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Peter Harwood and Jo Harwood, What is a good learning environment?
 

Peter Harwood and Jo Harwood, What is a good learning environment?

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    Peter Harwood and Jo Harwood, What is a good learning environment? Peter Harwood and Jo Harwood, What is a good learning environment? Presentation Transcript

    • School Library Association 2008 A good learning environment
    • A good learning environment provides…….
      • “ the right to teach
      • and
      • the right to learn”
    • Education and Lessons
      • Education is not about filling a pail, it’s about lighting a fire.
      • (W B Yeats)
      • “ a successful lesson is one where effective learning takes place”
      • (peter harwood!)
    • The role of the librarian
      • ?
    • Beginnings
      • Be welcoming and positive
      • Notice everybody
      • Engage them in the first minute (starter)
      • Potential for learning is greatest at the beginning …..
      • Have lots of beginnings
    • High expectations
      • Must - all pupils, the bottom line
      • Should - the majority of the class
      • Could – for the more able
    • High expectations
      • What I expect from everyone
      • What I am looking for
      • For top marks
    • Progressive demand
      • Recall
      • Comprehension
      • Application
      • Analysis
      • Synthesis
      • Evaluation
      • (Bloom’s taxonomy)
    • Endings
      • End early – leave 10minutes
      • Reflect on what has been learned (plenary)
      • Identify areas of learning (plenary)
      • Set the scene for next time (plenary)
      • Clear departure routines
    • The physical environment
      • When you go back, look at your library
      • Is it pleasant to work in
      • Is it stimulating enough - or too stimulating
      • Is it well organised
      • Ask them! (what works well, could be better if…., I would like to see….)
    • Mutual respect
      • Everyone has the right to be heard
    • Use all responses
      • Tell me what you think
      • (not what you think is right)
      • Tell me what you think
      • (not what your friend thinks)
    • Encourage their questions
      • Look to use their ideas
      • Questions show interest
      • Good questions show thought
    • Be positive
      • All contributions are valued and valuable
      • Encourage respect
      • Teach and use active listening
      • Create an environment where children can explore ideas
    • Use different strategies
      • Visual
      • Auditory
      • Kinaesthetic
      • If all these learners are in one class, how can we accommodate this manageably and effectively
      • Discuss!
    • Resolving the issues
      • Stand in good places
      • Be consistent
      • Develop mutual respect
      • Avoid confrontation
      • Use a range of strategies
      • Adopt a positive approach
    • Avoid confrontation
      • Positive reinforcement versus positive correction
      • Make behaviour the third party
      • Use meaningful praise
      • Be in control
    • Non-verbal skills (facial expressions)
      • Smiling to encourage continuation of on-task behaviour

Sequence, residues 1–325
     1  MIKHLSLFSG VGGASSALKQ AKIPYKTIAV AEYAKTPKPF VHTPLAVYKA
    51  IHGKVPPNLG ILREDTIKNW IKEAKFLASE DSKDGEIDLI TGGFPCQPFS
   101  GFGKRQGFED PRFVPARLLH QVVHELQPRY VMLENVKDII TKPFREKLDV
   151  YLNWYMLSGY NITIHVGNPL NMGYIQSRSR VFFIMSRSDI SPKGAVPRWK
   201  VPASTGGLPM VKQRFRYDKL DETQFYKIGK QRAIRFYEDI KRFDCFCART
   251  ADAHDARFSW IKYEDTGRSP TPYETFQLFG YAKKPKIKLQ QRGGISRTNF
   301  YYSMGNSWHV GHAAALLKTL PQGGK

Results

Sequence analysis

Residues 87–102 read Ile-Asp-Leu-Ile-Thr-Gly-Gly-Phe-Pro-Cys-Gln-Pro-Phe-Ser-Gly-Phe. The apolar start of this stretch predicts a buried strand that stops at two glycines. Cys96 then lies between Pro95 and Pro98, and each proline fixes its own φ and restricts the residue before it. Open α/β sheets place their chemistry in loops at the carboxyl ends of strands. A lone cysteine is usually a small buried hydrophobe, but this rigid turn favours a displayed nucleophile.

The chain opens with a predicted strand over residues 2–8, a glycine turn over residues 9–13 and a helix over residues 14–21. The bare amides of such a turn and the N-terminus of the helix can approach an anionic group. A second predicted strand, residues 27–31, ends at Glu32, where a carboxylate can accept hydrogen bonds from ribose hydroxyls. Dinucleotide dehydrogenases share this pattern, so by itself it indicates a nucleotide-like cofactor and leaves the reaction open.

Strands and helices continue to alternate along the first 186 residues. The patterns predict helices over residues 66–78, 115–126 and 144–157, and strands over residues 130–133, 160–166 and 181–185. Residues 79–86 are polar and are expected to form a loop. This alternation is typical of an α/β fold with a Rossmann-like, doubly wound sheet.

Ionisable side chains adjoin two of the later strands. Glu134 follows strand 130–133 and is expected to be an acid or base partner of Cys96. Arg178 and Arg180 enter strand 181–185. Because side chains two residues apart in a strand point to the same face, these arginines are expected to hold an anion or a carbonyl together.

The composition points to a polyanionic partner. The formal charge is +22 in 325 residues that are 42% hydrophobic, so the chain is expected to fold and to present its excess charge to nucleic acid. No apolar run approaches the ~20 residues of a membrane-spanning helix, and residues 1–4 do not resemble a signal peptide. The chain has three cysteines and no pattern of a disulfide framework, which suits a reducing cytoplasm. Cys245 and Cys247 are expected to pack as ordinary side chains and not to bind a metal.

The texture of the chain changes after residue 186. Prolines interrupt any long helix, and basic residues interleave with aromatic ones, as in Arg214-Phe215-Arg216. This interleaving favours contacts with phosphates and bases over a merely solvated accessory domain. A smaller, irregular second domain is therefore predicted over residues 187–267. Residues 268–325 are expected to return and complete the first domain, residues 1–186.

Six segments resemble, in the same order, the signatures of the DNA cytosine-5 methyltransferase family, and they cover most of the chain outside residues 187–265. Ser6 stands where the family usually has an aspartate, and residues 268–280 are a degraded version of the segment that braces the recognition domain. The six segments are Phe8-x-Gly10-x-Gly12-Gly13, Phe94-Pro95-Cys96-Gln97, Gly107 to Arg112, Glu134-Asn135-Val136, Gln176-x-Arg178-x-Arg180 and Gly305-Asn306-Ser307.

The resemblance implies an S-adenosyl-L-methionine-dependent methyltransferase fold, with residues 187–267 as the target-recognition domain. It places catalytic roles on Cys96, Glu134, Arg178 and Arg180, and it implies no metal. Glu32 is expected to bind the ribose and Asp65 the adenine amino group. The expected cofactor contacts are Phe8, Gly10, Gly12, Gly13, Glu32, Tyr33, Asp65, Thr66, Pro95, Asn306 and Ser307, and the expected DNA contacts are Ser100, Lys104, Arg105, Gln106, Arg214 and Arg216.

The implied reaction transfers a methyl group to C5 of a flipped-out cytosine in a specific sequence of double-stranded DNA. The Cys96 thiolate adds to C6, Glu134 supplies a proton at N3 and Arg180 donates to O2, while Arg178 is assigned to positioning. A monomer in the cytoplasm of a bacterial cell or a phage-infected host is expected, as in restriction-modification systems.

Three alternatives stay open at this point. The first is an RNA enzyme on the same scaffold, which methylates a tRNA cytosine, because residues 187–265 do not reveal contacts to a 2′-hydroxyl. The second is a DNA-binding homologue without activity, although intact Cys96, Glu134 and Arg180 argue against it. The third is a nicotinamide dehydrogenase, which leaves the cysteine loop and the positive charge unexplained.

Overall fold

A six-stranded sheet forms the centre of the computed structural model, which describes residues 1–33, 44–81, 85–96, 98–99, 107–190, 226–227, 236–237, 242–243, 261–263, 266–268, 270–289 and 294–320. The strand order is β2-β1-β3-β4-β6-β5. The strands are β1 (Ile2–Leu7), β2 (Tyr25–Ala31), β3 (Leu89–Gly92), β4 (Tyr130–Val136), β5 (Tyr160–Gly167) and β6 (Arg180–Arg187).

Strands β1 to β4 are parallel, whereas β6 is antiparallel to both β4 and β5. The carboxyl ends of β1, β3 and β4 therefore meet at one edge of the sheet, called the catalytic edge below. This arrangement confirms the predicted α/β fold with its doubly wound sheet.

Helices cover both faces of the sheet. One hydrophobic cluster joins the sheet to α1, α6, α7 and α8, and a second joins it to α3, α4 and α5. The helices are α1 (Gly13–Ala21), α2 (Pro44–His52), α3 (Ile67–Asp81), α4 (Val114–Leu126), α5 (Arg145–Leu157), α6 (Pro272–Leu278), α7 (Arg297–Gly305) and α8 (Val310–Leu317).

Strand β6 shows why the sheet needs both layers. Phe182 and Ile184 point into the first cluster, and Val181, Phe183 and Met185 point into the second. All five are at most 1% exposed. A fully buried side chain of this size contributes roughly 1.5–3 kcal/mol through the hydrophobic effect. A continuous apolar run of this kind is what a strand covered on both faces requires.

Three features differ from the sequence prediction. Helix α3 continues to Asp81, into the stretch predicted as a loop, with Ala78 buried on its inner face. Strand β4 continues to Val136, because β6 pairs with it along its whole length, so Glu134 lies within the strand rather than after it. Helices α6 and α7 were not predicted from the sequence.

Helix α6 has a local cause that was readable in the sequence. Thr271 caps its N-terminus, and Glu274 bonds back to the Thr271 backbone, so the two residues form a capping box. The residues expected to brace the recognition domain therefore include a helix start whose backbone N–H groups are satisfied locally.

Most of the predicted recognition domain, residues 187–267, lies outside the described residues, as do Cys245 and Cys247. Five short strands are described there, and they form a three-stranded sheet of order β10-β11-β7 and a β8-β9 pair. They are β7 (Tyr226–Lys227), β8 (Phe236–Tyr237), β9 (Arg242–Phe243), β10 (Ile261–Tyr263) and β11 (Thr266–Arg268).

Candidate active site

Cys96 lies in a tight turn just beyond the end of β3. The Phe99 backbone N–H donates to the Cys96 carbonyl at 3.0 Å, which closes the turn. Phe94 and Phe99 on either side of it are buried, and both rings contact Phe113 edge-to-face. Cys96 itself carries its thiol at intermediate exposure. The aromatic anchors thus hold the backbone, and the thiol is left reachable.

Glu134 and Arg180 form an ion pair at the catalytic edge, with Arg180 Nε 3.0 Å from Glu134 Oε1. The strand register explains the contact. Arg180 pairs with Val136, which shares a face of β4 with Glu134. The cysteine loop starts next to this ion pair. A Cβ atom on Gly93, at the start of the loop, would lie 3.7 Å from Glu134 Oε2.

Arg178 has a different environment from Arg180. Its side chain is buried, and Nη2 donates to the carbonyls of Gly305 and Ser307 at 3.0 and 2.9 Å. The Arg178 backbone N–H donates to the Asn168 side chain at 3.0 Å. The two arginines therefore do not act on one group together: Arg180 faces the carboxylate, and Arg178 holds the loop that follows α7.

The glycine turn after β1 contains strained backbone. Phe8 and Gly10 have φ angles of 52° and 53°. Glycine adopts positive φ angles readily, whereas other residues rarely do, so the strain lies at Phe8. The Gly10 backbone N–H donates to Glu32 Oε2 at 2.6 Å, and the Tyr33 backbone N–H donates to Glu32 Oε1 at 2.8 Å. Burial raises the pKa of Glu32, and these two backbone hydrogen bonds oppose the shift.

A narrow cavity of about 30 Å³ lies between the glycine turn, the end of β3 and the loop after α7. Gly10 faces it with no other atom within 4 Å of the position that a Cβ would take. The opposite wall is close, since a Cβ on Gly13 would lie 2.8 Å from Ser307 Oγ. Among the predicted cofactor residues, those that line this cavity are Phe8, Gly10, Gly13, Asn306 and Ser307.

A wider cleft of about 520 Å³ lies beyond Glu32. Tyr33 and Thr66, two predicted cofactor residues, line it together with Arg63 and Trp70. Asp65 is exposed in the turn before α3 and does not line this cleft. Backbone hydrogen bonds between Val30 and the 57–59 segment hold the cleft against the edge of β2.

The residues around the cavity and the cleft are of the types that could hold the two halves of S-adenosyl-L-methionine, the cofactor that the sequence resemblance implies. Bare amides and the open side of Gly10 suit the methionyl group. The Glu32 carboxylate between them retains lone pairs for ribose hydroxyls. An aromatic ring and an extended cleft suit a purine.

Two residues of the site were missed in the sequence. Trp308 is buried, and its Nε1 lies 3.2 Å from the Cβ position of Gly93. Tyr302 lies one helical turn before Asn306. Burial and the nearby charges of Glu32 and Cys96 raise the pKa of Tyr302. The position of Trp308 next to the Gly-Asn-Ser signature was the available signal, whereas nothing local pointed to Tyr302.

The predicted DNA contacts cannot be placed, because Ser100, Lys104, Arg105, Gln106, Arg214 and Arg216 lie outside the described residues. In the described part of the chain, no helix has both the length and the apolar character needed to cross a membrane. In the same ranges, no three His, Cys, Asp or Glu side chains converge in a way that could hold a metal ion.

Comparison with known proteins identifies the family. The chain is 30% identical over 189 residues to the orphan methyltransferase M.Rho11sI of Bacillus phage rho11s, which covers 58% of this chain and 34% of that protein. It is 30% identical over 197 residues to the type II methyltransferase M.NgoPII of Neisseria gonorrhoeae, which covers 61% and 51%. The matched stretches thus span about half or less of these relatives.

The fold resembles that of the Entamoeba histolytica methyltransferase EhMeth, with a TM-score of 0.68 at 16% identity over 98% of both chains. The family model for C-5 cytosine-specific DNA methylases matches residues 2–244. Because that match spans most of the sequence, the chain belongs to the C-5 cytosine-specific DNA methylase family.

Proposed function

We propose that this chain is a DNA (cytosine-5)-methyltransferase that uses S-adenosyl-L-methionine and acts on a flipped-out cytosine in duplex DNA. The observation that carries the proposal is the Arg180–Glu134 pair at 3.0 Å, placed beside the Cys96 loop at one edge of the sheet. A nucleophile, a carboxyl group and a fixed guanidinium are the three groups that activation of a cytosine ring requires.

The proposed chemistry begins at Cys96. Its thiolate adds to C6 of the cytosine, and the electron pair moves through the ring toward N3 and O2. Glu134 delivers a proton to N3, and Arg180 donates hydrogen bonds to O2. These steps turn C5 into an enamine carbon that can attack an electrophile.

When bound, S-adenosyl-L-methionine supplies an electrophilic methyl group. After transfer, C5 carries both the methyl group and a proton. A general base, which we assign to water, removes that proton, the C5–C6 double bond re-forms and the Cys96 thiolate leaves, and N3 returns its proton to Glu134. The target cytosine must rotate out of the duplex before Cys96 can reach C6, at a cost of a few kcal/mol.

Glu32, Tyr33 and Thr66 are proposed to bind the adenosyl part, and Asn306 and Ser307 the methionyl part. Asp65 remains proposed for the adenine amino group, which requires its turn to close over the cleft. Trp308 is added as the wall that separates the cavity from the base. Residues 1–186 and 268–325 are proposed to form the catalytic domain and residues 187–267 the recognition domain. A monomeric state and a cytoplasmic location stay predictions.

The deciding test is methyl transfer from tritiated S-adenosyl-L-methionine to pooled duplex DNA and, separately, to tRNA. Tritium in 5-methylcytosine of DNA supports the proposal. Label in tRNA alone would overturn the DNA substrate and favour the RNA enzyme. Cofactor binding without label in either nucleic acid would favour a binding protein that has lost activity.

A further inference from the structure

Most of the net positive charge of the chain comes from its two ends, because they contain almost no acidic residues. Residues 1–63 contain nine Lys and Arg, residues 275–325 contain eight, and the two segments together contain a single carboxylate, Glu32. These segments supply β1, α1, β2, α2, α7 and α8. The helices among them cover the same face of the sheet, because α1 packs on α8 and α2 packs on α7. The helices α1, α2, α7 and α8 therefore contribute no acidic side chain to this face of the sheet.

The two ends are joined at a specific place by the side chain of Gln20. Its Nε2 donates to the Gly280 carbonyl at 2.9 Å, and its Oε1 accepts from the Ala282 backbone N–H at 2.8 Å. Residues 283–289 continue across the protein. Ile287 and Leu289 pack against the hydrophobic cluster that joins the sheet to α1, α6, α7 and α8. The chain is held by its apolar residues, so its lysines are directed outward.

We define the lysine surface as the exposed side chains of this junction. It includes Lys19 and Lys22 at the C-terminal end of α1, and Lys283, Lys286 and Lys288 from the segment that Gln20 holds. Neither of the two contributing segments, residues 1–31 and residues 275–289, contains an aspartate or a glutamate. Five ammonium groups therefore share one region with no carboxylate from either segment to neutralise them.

• Mouthing to show surprise, delight or pleasure
      • Frowning/looking to invite redirection of further progress
    • Non-verbal skills (body language)
      • Nodding to affirm or approve
      • Hand gestures to show acceptance or approval or acknowledgement
      • “ thumbs up” to recognise achievement
      • Soft applause to congratulate
      • Silent signal for attention
    • Avoid the pitfalls
      • Pitfalls Task
      • Suggest more effective strategies for the phrases given in the handout
    • Be positive (rewards)
      • Verbal praise
      • Good written comments
      • Reward points/merits/stickers
      • Letter/card home
      • Termly/annual rewards
    • Be positive (consequences)
      • Reminder
      • Name recorded
      • Asked to work away from others
      • Reminder of consequence
      • Stay back after class - discussion
      • 10 minute detention – reflection
      • Behaviour slip etc
    • Importance of questioning
      • Most common form of interaction
      • In virtually every lesson
      • Provides challenge
      • Major influence on progress
      • An immediate form of assessment
    • Prompt, support, encourage
      • Avoid win-lose situations
      • Ask extra questions to help
      • Be encouraging
      • Now answer it using ………
    • Pitfalls of questioning
      • Asking too many closed questions
      • Asking too many recall questions
      • Asking questions with yes/no responses
      • Guess what is in my head
      • Focussing on a small number of pupils
    • Thinking time
      • Think about it first
      • Jot your answer down
      • Indicate if you think you know
      • I will let you think for ……
      • Self or peer appraisal
    • Collaboration
      • Use an expert
      • Discuss with your friend
      • Hot seating
      • Phone a friend
    • Develop speaking and reasoning
      • Answer in 15 words
      • Write a limerick
      • Answer without words
      • Miming or body movements
      • Now answer it using ………
    • Plenary
      • Write one thing you will do on a sticky note
      • Put your note in a prominent place in your library, for you
      • When you’ve done it, remove note
      • Look smug!